D334: Monitoring ocean circulation in the Atlantic


Cruise diary

18 November 2008

Craig writes...

"Our transit back to the Eastern Boundary is now complete and mooring operations are underway again, servicing the final line on this cruise.  These moorings are the ‘shallow moorings’ designed to monitor how ocean characteristics change on the continental slope leading up to the coast of West Africa (compare with the ‘tall moorings’ mentioned earlier on in the blog which monitor how the deep ocean, largely free of friction with land, circulates).

The passage back from the Mid Atlantic Ridge has passed quickly. The onboard sensors log continuously which gives us plenty of data to process whilst we await the next phase of mooring recovery.  These data include constant meteorological readings. These readings, in turn, are fed back to national forecasting agencies in order to help configure the numerical computer models of the climate system that produce the weather forecasts you see on websites, TV and hear on the radio. The data are also fed in to longer data sets that contribute to the baseline record of global air and sea-surface temperature which allows us to estimate by how much the Earth’s temperature changes each year.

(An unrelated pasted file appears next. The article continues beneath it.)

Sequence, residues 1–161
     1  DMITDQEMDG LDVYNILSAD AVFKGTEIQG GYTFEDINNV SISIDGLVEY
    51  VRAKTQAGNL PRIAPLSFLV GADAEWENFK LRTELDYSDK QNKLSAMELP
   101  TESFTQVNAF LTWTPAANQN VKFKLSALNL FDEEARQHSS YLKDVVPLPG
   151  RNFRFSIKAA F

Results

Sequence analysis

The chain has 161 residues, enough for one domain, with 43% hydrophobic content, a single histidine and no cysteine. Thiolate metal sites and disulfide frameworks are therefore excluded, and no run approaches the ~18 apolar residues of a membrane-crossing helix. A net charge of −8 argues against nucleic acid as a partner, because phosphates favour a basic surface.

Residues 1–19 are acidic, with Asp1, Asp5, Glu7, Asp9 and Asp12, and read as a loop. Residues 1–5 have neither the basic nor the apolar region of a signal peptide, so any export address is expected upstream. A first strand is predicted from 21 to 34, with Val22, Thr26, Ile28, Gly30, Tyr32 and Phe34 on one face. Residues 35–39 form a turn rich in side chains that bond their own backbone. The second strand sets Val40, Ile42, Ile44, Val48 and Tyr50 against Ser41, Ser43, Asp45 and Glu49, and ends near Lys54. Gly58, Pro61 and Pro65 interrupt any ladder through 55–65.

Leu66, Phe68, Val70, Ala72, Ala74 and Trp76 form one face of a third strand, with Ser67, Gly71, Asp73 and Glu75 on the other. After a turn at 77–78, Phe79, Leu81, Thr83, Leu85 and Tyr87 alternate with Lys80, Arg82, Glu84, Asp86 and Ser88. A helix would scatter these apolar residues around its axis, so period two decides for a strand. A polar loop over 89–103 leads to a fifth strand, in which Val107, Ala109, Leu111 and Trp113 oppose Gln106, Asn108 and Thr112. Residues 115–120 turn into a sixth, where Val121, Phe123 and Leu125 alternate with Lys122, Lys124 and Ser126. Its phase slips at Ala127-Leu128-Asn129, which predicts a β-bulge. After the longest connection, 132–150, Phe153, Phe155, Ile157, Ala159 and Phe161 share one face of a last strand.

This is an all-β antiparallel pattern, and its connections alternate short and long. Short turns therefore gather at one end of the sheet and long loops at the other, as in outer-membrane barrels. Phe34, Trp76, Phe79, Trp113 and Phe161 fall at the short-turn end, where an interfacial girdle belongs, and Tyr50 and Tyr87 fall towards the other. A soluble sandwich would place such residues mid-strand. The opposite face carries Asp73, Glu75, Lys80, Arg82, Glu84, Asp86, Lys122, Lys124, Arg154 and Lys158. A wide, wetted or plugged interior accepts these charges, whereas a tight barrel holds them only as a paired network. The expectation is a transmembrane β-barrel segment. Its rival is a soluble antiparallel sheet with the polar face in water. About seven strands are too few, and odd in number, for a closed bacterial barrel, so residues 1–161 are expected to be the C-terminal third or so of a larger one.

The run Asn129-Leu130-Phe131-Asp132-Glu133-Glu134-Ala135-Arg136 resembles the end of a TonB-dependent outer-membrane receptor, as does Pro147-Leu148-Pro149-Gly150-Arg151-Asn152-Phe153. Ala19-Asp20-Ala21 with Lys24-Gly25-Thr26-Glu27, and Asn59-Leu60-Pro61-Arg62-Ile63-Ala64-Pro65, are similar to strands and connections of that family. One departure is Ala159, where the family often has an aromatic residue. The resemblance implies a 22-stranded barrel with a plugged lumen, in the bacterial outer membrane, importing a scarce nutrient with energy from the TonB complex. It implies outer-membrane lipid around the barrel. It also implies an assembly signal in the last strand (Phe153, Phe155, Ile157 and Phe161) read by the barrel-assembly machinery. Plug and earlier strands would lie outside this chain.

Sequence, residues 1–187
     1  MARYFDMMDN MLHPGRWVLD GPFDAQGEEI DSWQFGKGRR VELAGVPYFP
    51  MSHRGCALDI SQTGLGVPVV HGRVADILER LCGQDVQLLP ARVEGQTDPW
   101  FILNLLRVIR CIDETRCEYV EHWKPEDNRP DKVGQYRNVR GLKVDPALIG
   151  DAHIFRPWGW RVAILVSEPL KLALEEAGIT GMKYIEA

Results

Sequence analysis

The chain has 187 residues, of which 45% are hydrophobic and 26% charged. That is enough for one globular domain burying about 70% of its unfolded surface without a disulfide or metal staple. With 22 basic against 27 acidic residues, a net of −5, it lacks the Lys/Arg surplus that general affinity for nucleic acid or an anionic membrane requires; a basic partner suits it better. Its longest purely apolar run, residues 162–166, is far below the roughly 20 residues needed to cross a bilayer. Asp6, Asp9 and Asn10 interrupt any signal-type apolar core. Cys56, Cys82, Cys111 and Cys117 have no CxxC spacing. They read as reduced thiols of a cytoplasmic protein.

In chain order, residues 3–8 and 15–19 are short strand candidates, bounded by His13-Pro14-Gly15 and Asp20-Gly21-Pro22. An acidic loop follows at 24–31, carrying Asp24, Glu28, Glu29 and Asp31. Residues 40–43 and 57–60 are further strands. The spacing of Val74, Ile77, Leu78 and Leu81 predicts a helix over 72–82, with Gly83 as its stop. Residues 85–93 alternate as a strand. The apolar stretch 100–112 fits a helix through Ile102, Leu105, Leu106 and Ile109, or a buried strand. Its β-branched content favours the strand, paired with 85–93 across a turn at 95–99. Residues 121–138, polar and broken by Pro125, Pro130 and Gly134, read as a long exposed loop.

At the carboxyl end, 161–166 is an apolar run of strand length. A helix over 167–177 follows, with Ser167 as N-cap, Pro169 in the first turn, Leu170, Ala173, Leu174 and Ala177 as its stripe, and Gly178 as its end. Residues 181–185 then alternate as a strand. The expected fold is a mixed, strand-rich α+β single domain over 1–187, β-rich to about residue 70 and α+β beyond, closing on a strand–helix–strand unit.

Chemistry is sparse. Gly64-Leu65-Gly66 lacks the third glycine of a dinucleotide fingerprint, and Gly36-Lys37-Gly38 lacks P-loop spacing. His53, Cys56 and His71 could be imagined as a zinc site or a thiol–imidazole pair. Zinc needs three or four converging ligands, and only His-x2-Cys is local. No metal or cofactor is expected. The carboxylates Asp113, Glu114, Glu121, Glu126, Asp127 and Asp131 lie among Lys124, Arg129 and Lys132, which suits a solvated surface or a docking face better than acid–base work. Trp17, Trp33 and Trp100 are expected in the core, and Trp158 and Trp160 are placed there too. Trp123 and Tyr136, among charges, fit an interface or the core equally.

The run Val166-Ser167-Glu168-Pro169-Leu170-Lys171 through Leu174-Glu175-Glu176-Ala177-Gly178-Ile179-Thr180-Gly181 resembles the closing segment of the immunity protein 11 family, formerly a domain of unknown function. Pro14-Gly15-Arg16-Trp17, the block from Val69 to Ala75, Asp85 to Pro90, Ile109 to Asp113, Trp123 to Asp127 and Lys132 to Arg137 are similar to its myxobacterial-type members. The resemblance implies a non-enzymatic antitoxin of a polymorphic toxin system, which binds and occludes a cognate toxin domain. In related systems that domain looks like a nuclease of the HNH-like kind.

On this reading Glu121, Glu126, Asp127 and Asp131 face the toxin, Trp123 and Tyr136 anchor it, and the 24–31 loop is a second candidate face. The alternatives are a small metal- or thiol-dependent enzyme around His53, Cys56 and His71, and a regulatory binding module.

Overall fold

Above: Our current position!
The transit from the Mid-Atlantic is complete

There has also been time to socialise and recharge the batteries.  The highlight here has been a very entertaining pub quiz organised by John, and others, from Discovery’s crew, which saw, perhaps somewhat suspiciously, the Captain’s team, bolstered by Damien and technician Rob McLachlan impart a crushing victory on the other contenders! 

Discovery’s foremast houses the meteorological sensors continuously logging data such as air temperature, pressure, radiation and humidity.  Note the circle-diamond-circle signal pattern - a warning to other vessels that our manouverability is limited, whilst a mooring is deployed.


The location of RRS Discovery 2 days ago – as shown on a weather forecast ‘analysis’ (i.e. present conditions) map.  The contour lines are isobars – lines of constant pressure and each square a ship. Where isobars are packed tight together winds are stronger. When this report was filed we were in a very calm location, fine settled whether, although it is windier now

The final week will see almost back-to-back mooring operations and all hands busy. These operations will be reasonably close to shore now and if the partly-hazy conditions improve we are bound to see the imposing peak of Tenerife’s Mount Tiede watching us from over the horizon. A sign that our return to land is now not too far off..."

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